Google’s doodle for Saturday, September 15, features a man wearing a Mysuru peta with a wall in the background. He is none other than Sir M. Visvesvaraya, and the wall represents the iconic Krishna Raja Sagar dam built across the Cauvery river in Mandya, Karnataka. Today is the 158th birth anniversary of M. Visvesvaraya, according to his family.
“While some sources cite his birth year as 1861, after speaking to his family, we’ve learned that Sir MV was actually born a year earlier,” Google’s blog post read. The government of India celebrates his birthday as ‘Engineers Day’.
Mokshagundam Visvesvaraya, better known as Sir MV, was born in a modest family in Muddenahalli village in the erstwhile Mysore State. Having lost his father at the age of 12, Visvesvaraya faced a lot of hardship to continue his studies. “According to stories passed down over generations, Sir MV had to walk over 60 kilometers to Bengaluru to attend United Mission School, eating the food served at temples around the city and studying under street lamps,” Google said in its blog post.
Visvesvaraya graduated from Bangalore Central College and studied Licentiate in Civil Engineering from College of Engineering, Pune. He joined the Indian Irrigation Commission in the late 18th century and worked on irrigation and flood control systems. He is credited with building intricate irrigation systems in the Deccan Plateau, the floodgates of Khadakvasla Reservoir near Pune and Tigra Dam in Gwalior, and the flood protection system in Hyderabad when the city was under Nizam’s rule.
The British Empire under King George V conferred him the knighthood for his contributions. In 1909, Visvesvaraya retired from serving the colonial empire and returned to his roots — Mysore. This was the time the State was reeling under severe drought and Visvesvaraya proposed constructing a gravity dam across River Cauvery in Mandya that would not only help in irrigation but also provide electricity to the nearby areas. Construction began in 1911, and the dam was inaugurated in 1914. Named after the Wadiyar dynasty king who ruled Mysore then, it was one of the largest dams in Asia then. The Krishna Raja Sagar Dam still provides drinking water to the whole of the Mysore region and Bengaluru, apart from taking care of the irrigation needs in Mandya.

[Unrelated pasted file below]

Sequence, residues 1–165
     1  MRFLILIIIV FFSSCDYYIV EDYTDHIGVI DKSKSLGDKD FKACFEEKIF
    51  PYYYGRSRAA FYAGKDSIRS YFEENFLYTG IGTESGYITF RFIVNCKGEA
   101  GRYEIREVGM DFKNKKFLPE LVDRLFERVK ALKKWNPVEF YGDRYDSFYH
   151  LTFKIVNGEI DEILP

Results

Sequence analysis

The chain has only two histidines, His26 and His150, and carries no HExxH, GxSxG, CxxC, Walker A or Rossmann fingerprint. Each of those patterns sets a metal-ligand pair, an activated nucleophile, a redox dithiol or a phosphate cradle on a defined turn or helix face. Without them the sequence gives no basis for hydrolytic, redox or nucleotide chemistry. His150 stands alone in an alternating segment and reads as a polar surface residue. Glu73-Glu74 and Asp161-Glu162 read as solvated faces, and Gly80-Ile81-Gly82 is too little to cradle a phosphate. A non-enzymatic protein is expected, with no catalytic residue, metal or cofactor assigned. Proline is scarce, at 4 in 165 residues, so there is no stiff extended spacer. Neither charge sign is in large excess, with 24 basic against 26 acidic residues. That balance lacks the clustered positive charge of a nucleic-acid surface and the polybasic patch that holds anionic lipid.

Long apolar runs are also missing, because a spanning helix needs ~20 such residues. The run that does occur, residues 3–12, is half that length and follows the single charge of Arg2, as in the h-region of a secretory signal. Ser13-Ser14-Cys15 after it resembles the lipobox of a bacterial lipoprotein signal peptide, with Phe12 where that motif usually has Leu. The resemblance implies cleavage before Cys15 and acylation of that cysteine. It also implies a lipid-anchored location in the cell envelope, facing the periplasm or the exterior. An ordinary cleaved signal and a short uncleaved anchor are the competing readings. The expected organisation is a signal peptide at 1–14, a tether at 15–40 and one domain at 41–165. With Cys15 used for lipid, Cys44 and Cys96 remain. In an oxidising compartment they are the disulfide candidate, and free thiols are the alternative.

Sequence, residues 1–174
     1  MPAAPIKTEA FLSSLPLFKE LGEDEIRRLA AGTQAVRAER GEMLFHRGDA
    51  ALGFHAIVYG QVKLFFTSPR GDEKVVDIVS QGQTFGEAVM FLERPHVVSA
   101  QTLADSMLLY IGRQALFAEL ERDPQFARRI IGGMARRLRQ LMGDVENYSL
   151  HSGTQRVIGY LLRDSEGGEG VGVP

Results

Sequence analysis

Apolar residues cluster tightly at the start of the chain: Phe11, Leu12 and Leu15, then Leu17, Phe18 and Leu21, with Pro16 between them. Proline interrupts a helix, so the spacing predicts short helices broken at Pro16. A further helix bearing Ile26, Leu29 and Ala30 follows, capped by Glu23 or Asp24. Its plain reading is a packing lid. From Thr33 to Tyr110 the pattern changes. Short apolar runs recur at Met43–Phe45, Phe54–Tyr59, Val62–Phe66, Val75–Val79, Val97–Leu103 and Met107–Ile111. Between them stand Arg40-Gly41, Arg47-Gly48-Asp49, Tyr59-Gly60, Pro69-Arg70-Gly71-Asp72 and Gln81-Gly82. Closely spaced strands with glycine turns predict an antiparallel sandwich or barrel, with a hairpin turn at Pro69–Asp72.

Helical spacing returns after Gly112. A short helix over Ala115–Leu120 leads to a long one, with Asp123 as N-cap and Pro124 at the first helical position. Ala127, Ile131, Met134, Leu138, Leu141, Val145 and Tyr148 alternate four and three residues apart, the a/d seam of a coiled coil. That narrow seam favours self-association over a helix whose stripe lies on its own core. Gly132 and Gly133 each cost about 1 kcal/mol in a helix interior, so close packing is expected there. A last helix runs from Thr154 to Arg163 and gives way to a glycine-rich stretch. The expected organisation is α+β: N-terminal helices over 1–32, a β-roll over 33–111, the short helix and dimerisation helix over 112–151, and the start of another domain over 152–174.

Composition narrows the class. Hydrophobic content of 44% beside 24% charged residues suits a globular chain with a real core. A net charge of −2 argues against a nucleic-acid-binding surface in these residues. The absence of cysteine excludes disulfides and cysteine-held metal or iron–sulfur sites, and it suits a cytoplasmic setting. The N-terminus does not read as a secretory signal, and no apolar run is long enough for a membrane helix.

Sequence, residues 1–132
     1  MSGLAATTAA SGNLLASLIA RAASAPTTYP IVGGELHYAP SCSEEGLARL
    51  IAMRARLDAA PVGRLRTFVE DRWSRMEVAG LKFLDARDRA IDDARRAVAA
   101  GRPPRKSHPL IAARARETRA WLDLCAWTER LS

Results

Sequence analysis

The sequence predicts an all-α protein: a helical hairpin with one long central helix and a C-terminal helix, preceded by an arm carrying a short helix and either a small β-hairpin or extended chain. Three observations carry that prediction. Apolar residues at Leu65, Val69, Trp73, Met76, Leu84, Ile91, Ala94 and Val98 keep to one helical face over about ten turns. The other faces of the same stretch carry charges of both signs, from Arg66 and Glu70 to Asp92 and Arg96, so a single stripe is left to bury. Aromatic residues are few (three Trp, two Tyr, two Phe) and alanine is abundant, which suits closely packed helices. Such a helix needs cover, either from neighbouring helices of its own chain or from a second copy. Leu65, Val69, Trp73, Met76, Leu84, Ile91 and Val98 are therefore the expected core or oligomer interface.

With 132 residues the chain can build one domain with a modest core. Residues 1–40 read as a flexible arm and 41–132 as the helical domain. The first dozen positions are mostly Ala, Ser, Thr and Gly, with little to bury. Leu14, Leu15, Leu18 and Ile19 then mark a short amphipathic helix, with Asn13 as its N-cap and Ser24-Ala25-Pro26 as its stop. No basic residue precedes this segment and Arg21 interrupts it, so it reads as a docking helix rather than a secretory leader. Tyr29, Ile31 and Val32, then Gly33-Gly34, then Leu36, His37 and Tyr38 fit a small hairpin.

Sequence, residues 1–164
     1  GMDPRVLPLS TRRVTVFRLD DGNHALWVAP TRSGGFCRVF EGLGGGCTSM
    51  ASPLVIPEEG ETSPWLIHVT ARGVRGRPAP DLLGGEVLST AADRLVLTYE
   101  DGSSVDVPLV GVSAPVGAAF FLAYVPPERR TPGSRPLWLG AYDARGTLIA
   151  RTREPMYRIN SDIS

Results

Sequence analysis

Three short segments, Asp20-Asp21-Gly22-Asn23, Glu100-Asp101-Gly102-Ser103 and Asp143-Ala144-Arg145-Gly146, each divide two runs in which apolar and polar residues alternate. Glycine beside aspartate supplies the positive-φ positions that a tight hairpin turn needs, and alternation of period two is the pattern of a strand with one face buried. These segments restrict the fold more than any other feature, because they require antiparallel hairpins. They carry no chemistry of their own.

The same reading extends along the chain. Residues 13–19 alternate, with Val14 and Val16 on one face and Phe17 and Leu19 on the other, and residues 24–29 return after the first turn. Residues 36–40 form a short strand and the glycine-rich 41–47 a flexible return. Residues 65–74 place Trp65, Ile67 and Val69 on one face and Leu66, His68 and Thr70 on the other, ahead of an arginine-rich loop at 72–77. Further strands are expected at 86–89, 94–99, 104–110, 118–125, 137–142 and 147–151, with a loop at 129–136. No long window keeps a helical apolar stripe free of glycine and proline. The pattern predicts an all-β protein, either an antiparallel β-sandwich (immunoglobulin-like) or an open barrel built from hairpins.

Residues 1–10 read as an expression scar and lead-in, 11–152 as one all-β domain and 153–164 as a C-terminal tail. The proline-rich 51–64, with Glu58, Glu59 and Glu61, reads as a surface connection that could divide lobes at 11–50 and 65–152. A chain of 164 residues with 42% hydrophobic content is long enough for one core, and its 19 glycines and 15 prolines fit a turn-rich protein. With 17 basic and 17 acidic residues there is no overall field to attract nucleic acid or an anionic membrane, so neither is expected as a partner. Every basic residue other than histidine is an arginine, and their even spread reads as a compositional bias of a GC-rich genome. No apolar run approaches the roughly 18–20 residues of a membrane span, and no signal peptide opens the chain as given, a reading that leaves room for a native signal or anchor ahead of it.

Visvesvaraya was also instrumental in bringing the Mysore Iron & Steel Works to Bhadravathi. It was renamed Visvesvaraya Iron and Steel Limited post-Independence.
Visvesvaraya also served as the Dewan of Mysore. It was during his period as Dewan that the Mysore Soap Factory (which makes the iconic Mysore sandal soap), the Bangalore Agricultural University, the Bank of Mysore (later renamed State Bank of Mysore and now merged with the State Bank of India), the Century Club, the Mysore Paper Mills, the Bangalore Press, and the Mysore Chamber of Commerce were set up. He was also instrumental in charting out the road construction between Tirumala and Tirupati.
Visvesvaraya was also known for his love for Kannada. He set up the Kannada Parishat.
“Despite his many achievements, he never forgot his roots. He was simple, honest and committed to his work,” said Satish Mokshagundam, the grandnephew of Visvesvaraya. “It was his contemplative nature that allowed him as a young rural lad, having achieved a Civil Engineering degree, to think outside of the box and start Recreational Clubs, Banks, Chambers of Commerce, Educational Institutions, and a Literary Association for Kannada,” Mr. Satish, the president of Visvesvaraya National Memorial Trust in Bengaluru recalled.
The Trust maintains a museum in Visvesvaraya’s hometown in Chikkaballapur district, where all the artifacts that he collected and other items that he used during his lifetime are preserved.
He penned his autobiography, Memoirs of my Working Life, in 1951. True to his autobiography’s title, Visvesvaraya worked till his last days. He was over 90 when he was the consultant for the Mokama Bridge project across the Ganga in Bihar. The bridge, known as Rajendra Setu, was inaugurated in 1952 and is functional till date even though a parallel bridge was recently constructed.
“Industrialise or Perish” was Visvesvaraya’s mantra. “A popular anecdote has it that he exclaimed, “What a waste!” when he saw the Jog Falls in Shivamogga district, since hydro-electric power could be harnessed at the site of the waterfalls,wrote Chandan Gowda, a chronicler of modern Mysore, in The Hindu in a tribute to Visvesvaraya.
Visvesvaraya was honoured with the Bharat Ratna in 1952. He passed away in Bengaluru on April 12, 1962.